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01 September 2016

Dominique Boschero

Among cult film fans, French actress Dominique Boschero (1934) is famous for her roles in dozens of Giallos and Spaghetti Westerns. The gorgeous brunette appeared in a surprisingly large amount of French and Italian films from the mid-1950s to the mid 1980s.

Dominique Boschero
German postcard by Krüger, no. 902/357. Photo: Georg Michalke.

Showgirl


Dominique Boschero was born in Paris, France in 1934. She is the sister of actor-producer Martial Boschero. Their parents were Italian and when World War II broke out, the 5-year old Dominique was trusted in the hands of her grandparents in Frassino, a small Italian mountain village with a few hundred of inhabitants. There she grew up.

At 15, she returned to Paris and started to work as a janitor in a hospital and later she worked as a seamstress. With her tall length and her dark beauty, she found work as a model. Soon her beautiful face was on the covers of Paris’s premiere fashion magazines.

At the age of 18, she made her stage debut as a showgirl at the Paris music-hall La Nouvelle Eve (The New Eve). She also played small or uncredited roles in French films, such as Club de Femmes/Club of Women (Ralph Habib, 1956) with Nicole Courcel and Dany Carrel.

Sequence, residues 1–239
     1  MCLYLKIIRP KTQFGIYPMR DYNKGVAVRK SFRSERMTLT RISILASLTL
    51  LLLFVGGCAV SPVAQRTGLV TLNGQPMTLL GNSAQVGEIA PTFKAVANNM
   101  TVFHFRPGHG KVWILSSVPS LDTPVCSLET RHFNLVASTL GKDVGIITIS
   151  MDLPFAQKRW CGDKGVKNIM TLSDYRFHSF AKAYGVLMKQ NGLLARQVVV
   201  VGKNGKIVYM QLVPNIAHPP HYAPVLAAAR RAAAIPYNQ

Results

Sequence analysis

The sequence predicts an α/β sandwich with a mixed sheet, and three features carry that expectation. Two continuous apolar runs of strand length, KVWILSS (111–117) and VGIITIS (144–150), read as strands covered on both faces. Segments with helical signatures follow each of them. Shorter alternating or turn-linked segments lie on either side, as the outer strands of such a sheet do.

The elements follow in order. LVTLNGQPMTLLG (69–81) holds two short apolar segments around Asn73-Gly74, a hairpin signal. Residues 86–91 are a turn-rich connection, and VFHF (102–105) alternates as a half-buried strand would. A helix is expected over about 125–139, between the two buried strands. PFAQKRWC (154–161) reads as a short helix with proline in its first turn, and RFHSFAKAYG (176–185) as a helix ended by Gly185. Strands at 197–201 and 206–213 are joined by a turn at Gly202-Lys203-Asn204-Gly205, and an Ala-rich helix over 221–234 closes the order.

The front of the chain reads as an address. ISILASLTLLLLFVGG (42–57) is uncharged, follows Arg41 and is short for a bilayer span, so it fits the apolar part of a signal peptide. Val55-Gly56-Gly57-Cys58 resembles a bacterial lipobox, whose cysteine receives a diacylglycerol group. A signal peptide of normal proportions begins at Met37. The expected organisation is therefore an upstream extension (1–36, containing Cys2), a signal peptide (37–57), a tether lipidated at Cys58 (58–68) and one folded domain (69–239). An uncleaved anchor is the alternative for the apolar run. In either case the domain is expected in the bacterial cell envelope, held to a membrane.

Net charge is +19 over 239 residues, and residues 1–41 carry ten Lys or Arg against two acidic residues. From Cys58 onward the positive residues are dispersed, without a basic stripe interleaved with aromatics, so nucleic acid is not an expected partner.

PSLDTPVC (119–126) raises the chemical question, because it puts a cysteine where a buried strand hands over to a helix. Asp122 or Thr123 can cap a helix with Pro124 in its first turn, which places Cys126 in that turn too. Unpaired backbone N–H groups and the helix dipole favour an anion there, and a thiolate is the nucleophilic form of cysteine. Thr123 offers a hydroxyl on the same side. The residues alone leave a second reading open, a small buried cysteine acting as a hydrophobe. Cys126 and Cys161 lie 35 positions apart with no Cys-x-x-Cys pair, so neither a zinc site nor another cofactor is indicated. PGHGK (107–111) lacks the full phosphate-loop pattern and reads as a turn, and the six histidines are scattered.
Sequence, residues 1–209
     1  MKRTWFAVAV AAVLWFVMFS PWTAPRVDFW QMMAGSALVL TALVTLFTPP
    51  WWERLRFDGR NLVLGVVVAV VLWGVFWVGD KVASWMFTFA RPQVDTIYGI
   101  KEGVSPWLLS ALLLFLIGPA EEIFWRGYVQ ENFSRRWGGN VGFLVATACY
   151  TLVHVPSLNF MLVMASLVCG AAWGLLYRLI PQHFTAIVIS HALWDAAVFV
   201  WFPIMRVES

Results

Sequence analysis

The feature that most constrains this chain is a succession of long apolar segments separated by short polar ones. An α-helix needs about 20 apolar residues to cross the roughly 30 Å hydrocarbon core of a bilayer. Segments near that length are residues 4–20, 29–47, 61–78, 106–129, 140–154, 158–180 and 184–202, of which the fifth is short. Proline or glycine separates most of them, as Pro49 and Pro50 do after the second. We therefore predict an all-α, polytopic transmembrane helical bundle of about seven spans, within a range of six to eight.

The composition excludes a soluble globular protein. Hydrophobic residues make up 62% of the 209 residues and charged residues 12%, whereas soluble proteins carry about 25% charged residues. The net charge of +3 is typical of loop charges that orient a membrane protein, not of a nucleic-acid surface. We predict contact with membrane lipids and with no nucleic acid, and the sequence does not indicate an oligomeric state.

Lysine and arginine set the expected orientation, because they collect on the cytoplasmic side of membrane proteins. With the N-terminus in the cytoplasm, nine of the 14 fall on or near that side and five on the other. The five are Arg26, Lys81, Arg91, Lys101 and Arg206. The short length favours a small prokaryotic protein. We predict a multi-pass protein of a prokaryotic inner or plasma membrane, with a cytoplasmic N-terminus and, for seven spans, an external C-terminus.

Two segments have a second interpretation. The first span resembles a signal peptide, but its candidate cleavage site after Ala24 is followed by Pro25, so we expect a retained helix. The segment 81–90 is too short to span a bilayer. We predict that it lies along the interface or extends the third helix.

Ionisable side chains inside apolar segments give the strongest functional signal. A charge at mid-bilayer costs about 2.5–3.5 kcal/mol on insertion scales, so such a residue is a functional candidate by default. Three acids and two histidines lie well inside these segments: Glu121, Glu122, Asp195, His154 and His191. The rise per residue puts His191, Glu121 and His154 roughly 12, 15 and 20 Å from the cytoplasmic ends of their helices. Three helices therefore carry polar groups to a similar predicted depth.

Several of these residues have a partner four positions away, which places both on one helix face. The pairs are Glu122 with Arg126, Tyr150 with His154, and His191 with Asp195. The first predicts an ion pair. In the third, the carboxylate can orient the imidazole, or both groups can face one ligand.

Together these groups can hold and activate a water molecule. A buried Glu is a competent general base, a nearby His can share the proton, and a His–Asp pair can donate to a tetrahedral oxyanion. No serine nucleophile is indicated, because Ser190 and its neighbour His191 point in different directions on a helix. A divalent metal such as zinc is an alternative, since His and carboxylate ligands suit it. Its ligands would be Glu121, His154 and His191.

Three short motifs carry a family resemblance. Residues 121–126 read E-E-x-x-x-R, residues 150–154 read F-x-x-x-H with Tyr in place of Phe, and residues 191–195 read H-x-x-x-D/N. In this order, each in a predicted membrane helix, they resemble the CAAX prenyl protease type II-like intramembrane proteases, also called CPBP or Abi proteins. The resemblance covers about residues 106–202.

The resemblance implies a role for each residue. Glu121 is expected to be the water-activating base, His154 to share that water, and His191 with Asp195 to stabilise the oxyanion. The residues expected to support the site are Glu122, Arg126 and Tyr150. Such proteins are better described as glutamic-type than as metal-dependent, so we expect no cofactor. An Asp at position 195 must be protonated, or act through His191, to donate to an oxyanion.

A year later, Boschero had a bigger part in Printemps a Paris/Springtime in Paris (Jean-Claude Roy, 1957) with Christine Carère and Philippe Nicaud. She got another bigger role in Delannoy's Le baron de l'ecluse/The Baron of the Locks (Jean Delannoy, 1960) starring Jean Gabin and Micheline Presle.

Following an interview with the Italian magazine Epoca, Dominique Boschero was noticed by an Italian producer, who invited her to come to the capital of the European cinema at the time, Rome.

Dominique Boschero
French postcard by Editions P.I., Paris, no. 892. Offered by les Carbones Korès 'Carboplane'. Photo: Sam Lévin.

Dominique Boschero
French postcard by Editions P.I., Paris, offered by Les Carbones Korès 'Carboplane', no. 1106. Photo: Studio Vauclair.

Queen of the Bird Men


Dominique Boschero headed off to Italy, beginning her Italian career with the Western comedy Un dollaro di fifa/A Dollar of Funk (Giorgio Simonelli, 1960), a spoof of Rio Bravo (Howard Hawks, 1959), which also starred Ugo Tognazzi and Walter Chiari.